A diagram of a PDC unit is shown in Figure 4. Each PDC

employs a tubular hexagonal plastic scintillator unit at the

entrance to the detector, a solid plastic scintillator for detecting

Compton and photoabsorption events, and a BGO

crystal underneath. A specially designed low-noise photomultiplier

tube (PMT) is attached to each BGO crystal

in the detector array to absorb all the light produced

by the three scintillators. The time constant of the middle

plastic scintillator is much less than for the tubular

or BGO scintillators, so interactions in the middle detector

can be immediately distinguished by the electronics,

and other events, including those from the SAS, can be

immediately rejected. The resulting narrow field of view

(∼ 5 square degrees) and low background make it ideal

for observing astrophysical point sources.

For the first flight, the intended primary targets are the

Crab pulsar and nebula and Cygnus X-1, a high-mass

X-ray binary system, which are the brightest objects in

the PoGOLite energy range. A phase-resolved measurement

of the polarization over the period of the Crab pulsar,

as well as a measurement of the steady-state polarization

from the Crab nebula, is desired. For this goal to be

achieved, it is necessary for the timing resolution to be as

small as possible, ideally 1 µs or less. For Cygnus X-1, a

measurement of the polarization direction and degree and

their evolution over time, if any, is sought.

3.2. Neutron detector

A neutron detector [5] is situated within the detector pressure

vessel, enclosed by the polyethylene shield, and it

will measure the flux of


Figure 5. Diagram of the overall control hierarchy of

PoGOLite.

3.3. Auroral monitor unit

An auroral monitor unit (AMU) [6] will be attached to the

instrument, and will measure the interaction of charged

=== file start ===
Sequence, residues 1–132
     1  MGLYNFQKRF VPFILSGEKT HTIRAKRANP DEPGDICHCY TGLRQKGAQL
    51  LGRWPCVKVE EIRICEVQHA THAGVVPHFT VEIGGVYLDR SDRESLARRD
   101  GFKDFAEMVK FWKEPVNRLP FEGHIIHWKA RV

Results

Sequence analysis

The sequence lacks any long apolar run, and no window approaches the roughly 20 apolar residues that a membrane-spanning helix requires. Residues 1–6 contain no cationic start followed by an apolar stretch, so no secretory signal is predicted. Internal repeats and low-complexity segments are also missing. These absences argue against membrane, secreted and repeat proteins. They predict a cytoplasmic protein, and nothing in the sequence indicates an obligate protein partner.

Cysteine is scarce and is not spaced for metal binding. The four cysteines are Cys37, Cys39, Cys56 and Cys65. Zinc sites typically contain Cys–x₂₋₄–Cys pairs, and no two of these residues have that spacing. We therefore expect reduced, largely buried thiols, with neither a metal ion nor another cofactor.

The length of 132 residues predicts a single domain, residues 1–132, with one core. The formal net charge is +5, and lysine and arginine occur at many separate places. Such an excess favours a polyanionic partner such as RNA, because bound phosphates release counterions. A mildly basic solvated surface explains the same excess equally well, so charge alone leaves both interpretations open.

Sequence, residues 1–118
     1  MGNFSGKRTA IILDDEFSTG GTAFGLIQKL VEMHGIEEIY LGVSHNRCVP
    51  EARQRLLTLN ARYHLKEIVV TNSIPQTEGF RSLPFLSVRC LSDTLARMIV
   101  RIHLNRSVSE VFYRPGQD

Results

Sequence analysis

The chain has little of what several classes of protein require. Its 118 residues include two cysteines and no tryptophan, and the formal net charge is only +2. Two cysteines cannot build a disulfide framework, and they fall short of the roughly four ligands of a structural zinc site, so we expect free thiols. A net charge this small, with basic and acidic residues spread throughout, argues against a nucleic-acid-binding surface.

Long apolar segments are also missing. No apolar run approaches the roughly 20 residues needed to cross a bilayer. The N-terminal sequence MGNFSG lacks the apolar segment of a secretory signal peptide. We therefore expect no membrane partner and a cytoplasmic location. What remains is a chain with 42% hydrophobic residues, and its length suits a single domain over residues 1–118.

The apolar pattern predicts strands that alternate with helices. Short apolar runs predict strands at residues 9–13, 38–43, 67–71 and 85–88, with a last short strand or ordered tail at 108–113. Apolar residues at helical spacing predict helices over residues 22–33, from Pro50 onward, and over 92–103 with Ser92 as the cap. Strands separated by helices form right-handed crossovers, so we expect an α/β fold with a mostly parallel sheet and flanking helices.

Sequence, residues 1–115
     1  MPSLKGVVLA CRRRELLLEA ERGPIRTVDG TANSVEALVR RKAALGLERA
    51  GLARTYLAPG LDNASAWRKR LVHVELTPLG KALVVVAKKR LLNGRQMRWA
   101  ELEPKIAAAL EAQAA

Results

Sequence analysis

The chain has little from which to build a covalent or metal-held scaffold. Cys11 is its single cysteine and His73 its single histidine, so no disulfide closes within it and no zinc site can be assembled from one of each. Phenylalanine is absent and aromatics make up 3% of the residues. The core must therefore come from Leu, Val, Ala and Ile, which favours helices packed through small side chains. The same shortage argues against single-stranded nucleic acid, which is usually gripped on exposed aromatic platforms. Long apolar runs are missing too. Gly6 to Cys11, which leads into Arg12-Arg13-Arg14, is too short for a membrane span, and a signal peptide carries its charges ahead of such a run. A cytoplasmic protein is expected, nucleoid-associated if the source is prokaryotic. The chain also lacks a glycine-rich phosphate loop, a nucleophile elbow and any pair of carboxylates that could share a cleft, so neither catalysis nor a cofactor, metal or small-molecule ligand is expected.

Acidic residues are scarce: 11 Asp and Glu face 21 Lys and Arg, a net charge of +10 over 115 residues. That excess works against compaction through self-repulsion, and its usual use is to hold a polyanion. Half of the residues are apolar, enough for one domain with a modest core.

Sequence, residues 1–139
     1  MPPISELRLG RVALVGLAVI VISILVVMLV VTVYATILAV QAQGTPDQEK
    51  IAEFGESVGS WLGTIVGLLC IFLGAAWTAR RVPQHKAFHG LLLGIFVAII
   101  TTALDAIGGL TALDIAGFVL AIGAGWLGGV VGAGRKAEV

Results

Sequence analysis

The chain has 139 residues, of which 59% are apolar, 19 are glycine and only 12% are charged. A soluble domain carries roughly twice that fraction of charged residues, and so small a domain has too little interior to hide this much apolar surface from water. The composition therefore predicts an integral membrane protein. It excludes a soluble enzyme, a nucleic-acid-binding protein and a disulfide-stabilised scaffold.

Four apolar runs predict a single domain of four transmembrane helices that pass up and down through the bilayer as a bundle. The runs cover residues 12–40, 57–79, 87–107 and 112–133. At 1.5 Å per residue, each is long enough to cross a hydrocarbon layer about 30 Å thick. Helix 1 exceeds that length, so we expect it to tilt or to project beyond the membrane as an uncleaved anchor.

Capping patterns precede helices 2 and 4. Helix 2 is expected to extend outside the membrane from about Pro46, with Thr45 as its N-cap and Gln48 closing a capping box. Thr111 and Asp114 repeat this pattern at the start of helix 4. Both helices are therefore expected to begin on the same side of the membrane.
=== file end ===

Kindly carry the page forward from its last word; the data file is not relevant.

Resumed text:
particles with the magnetic field of the earth. Because

such interactions may produce polarized X-rays, this represents

another source of background for the polarimeter

[7], enhanced by the high latitude of the flight path. It is

important to have an idea of the auroral contribution during

the flight, though the measurement of the aurora is a

scientific endeavour in itself.

3.4. Other goals

In addition to the scientific goals, there are many other

goals for the maiden flight. Two star trackers will be

flown, one of which has been flown on balloons in the

past, (the “slow” star tracker), and the other of which is

of a new and untested design (the “fast” star tracker). The

“slow” and “fast” designations are from the original intentions

for the instruments; the actual cameras, computers,

and software on the two trackers are virtually identical.

However, the new star tracker is smaller and lighter,

has a wider field of view, and requires a smaller baffle to

block off-axis light. This flight will test the performance

of the new tracker design.

Many other hardware and software systems must be

tested during the flight. For example, while the polarimeter

detectors have been tested extensively in the controlled

environment of an accelerator, this will be the first

time that these detectors will be flown on a balloon, and

it is necessary to test their performance and resilience. In

addition, the control and pointing systems will be tested

extensively. The lessons we learn from this flight will be

used for future instruments and flights.

4. CONTROL STRUCTURE

The main control system for the instrument and pointing

system is known as the payload control unit (PCU).

Figure 6. Diagram of the PCU and polarimeter systems.

Blue lines denote ethernet connections, red denotes

RS422 and RS485, green denotes SpaceWire connections,

orange denotes LVDS, and black indicates other specialized

types of connections and power connections. The

28V power connections and connections to the ACS are

not shown.

This system comprises computers and other electronics,

and allows communication from the ground, performs autonomous

functions, monitors the health of the systems,

controls the pointing through the ACS, initiates data acquisition

in the polarimeter, and stores polarimeter and

housekeeping data.

As shown in Figure 5, the PCU is connected to the ACS,

the polarimeter, and one of the star trackers. The ACS

in turn monitors the attitude of the gondola through differential

GPS, gyroscopes, and a magnetometer, and controls

various motors and monitors them by means of encoders.

Fine pointing is provided by a connection to a

second star tracker. The star tracker connected to the PCU

serves as the backup for the one connected to the ACS.

The constituents of and the connections within and from

the PCU are shown in Figure 6. Three PC104s are used,

two within the PCU enclosure, and one in an independent

enclosure. See §8.3 for a thorough description of